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Article on the Vegetable Industry, 1929

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05/30/14 was the last day I modified this page.

God Bless America

 Augustus Lotterhos, Father of Vegetable Industry, Saw tomato abroad.

By Harrison L. Saunders

Daily News

Special Correspondent


The evolution of the vegetable industry at Crystal Springs dates back to 1859, seventy years ago, for it was in a small German village far across the waters that Augustus Lotterhos, senior member of the present Lotterhos and Huber Company, Mercantile house and largest shippers of fresh vegetables and tomatoes at Crystal Springs, saw his first tomato growing.


The father of Mrs. C. M. Huber, wife of the junior member of the present firm, had found a tomato seed somewhere in Germany and had planted it in a flowerpot and the tiny plant had been stuck and was bearing small red fruit which at that time were called “Love Apples”. It was a curiosity in Mr. Lotterhos imagination and little did he realize that the same “love apple” conceived in a flowerpot would make for him a fortune in the distant America.


Several years later these families moved to the United States, the country of opportunities, the oasis of the world. The ruler of Destinies sent the Lotterhos and Huber families to Mississippi and Crystal Springs, where Mr. Lotterhos has lived since and has seen and assisted tremendously in the growth of a great industry and is known as the grand old father and pioneer of the “Tomatropolis” of the world.


The first movement from Crystal Springs was made up of peaches, grown and shipped by James Sturgis to New Orleans and Chicago in the year 1870. At this time tomatoes were growing in this territory, but they were all sizes, shapes, and forms and unfit for marketing. The plants were never supported with sticks, and now, to keep the stalk from falling to the ground laden with fruit. The land was not fertilized and neither were the tomato plants pruned. Shipping this particular fruit was an unheard thing.


N. Piazza was the first to scientifically produce tomatoes. He imported his seed from Italy and the first grown from these seed were more or less of an irregular shape. Later S. H. Stackhouse obtained a small quantity of Acme Tomato seed, which he planted and grew with excellent results and he was the first to ship tomatoes from this point to northern markets.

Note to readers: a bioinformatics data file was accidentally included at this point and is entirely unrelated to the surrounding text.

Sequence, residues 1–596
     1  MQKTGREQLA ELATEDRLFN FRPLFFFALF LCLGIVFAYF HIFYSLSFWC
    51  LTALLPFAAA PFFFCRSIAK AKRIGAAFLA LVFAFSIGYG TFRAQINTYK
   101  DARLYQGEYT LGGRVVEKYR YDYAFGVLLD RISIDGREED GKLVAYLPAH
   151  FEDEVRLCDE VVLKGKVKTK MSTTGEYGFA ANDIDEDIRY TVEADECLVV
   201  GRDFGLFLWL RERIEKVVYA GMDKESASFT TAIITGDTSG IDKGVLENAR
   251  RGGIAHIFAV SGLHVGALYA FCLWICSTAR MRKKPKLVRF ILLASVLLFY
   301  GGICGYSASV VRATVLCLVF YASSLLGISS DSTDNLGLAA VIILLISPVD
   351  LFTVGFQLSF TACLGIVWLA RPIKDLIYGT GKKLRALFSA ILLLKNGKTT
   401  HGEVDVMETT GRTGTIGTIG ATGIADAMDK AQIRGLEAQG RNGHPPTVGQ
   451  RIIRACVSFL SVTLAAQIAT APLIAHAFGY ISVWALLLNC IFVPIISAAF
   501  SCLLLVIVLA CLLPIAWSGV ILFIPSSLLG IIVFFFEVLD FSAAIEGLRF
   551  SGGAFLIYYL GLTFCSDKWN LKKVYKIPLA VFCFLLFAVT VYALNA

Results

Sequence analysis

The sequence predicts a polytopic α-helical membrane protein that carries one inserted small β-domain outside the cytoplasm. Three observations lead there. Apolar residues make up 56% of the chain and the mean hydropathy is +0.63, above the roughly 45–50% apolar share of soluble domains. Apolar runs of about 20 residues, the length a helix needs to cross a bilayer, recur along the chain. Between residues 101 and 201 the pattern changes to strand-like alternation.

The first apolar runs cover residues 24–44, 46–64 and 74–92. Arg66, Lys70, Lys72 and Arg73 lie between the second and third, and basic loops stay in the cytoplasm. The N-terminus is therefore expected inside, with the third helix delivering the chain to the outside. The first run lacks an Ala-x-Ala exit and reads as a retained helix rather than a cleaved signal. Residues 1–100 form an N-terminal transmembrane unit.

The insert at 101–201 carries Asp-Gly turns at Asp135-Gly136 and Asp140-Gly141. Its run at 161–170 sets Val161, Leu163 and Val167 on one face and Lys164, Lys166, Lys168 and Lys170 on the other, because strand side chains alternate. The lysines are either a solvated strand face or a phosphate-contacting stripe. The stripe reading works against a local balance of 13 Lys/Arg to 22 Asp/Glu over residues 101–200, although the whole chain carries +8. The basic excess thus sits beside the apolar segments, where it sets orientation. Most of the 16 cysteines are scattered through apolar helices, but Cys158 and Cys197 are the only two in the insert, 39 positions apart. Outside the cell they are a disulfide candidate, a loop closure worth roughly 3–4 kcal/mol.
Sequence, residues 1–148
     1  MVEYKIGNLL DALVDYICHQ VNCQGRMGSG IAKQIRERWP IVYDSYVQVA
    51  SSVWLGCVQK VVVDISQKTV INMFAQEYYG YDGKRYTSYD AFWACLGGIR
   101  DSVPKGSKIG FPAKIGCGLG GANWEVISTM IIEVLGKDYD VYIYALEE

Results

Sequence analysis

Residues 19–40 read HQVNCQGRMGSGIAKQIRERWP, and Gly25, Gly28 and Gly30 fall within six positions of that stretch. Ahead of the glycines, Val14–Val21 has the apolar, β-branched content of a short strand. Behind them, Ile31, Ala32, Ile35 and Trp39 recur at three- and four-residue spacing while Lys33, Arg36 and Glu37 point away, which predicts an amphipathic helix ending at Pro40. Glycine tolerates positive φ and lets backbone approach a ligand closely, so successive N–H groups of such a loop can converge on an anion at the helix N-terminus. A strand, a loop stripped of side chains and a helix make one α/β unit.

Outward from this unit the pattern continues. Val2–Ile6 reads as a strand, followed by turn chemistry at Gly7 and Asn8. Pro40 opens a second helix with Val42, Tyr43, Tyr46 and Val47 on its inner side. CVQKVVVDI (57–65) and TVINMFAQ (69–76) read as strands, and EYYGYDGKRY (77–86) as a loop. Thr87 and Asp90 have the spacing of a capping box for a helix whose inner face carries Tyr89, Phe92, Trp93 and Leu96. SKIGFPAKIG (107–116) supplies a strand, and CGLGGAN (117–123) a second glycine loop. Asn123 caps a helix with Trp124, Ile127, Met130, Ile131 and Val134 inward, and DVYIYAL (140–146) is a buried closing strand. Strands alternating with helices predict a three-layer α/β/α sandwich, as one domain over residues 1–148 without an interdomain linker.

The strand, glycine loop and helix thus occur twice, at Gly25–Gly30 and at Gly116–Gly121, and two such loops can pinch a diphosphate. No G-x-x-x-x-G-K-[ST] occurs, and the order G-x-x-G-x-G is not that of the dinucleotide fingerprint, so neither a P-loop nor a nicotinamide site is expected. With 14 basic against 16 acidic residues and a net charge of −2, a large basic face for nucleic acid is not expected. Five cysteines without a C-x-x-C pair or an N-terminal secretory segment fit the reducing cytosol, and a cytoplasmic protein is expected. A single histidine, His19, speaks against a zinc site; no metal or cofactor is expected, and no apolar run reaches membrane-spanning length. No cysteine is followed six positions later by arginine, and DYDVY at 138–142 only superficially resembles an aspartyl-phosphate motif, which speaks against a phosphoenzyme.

However, all of the shipments at this time were in small lots, probably a few crates constituted a consignment. The first shipment moved in 1876 to Barnett Brothers, Chicago, Illinois.


From that time on the industry developed fast. It was at this time that Mr. Lotterhos conceived the idea of shipping tomatoes in carload lots to northern markets. In 1878, Mr. Lotterhos prevailed on the growers of tomatoes to pool their products and ship in carloads. In this year Mr. A. Lotterhos, having only a few years, prior to this time, seen his first tomato, forwarded to Denver, Colorado, the first solid carload of tomatoes from Crystal Springs.


In 1879 a few progressive men in and around Crystal Springs, began in a small way to grow vegetables as an experiment with the idea of following the example of tomato growers and shipping these fruits in northern markets. The pioneers in this birth of a big industry were: S.H. Stackhouse, F. M. Brewer, and John Hall. Mr. Brewer was the first to grow peas, beans, and asparagus at Crystal Springs. These vegetables were shipped almost exclusively to Chicago. Carrots, beets, and cabbage were planted for the first time with a view of marketing and all of these vegetables began moving in carlots.


In the early eighties, the first strawberries were grown at this time netted the grower, S.H. Stackhouse $2.00 a quart or $24 a crate of 12 quarts. With such prices, Crystal Springs developed a large strawberry industry, but because of the inability of the railroad to furnish refrigerator cars, which was necessary to transport them success---

        Remainder of the article is not available.



This article was taken the Wednesday May 16, 2001 newspaper “ The Meteor” with the following editor notes:


“Copiah trucking had inception in Germany in 1859”

(Editor’s note: This clipping from The Jackson Daily News was found by Rita Brignac Bizzell of Cleveland, among the possessions of her mother, Lena Mae Cook Brignac. Mrs. Bizzell sent the clipping to Dorothy Alford who submitted it to The Meteor. Apparently, the author is Pat Harrison’s nephew who lived on Pearl Street in Crystal Springs. Unfortunately, the clipping is incomplete.



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